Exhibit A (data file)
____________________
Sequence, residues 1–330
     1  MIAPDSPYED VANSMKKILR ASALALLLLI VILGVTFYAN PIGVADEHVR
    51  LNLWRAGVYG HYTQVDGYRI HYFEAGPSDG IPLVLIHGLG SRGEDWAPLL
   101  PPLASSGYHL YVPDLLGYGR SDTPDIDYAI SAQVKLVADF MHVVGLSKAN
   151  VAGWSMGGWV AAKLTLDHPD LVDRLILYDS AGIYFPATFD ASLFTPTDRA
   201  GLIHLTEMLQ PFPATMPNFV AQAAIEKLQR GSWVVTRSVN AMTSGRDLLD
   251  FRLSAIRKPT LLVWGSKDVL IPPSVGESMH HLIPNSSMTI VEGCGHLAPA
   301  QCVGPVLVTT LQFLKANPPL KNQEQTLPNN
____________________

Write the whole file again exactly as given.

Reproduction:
Sequence, residues 1–330
     1  MIAPDSPYED VANSMKKILR ASALALLLLI VILGVTFYAN PIGVADEHVR
    51  LNLWRAGVYG HYTQVDGYRI HYFEAGPSDG IPLVLIHGLG SRGEDWAPLL
   101  PPLASSGYHL YVPDLLGYGR SDTPDIDYAI SAQVKLVADF MHVVGLSKAN
   151  VAGWSMGGWV AAKLTLDHPD LVDRLILYDS AGIYFPATFD ASLFTPTDRA
   201  GLIHLTEMLQ PFPATMPNFV AQAAIEKLQR GSWVVTRSVN AMTSGRDLLD
   251  FRLSAIRKPT LLVWGSKDVL IPPSVGESMH HLIPNSSMTI VEGCGHLAPA
   301  QCVGPVLVTT LQFLKANPPL KNQEQTLPNN